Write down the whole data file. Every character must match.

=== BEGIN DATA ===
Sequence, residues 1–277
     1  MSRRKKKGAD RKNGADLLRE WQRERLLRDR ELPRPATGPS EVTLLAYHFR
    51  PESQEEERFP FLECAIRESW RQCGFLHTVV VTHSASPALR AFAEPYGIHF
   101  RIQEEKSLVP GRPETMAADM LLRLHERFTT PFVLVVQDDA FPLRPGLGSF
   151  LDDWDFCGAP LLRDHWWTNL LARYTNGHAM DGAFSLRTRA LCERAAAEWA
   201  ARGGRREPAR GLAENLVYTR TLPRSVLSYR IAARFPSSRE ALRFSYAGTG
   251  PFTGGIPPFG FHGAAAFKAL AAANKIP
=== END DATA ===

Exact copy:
Sequence, residues 1–277
     1  MSRRKKKGAD RKNGADLLRE WQRERLLRDR ELPRPATGPS EVTLLAYHFR
    51  PESQEEERFP FLECAIRESW RQCGFLHTVV VTHSASPALR AFAEPYGIHF
   101  RIQEEKSLVP GRPETMAADM LLRLHERFTT PFVLVVQDDA FPLRPGLGSF
   151  LDDWDFCGAP LLRDHWWTNL LARYTNGHAM DGAFSLRTRA LCERAAAEWA
   201  ARGGRREPAR GLAENLVYTR TLPRSVLSYR IAARFPSSRE ALRFSYAGTG
   251  PFTGGIPPFG FHGAAAFKAL AAANKIP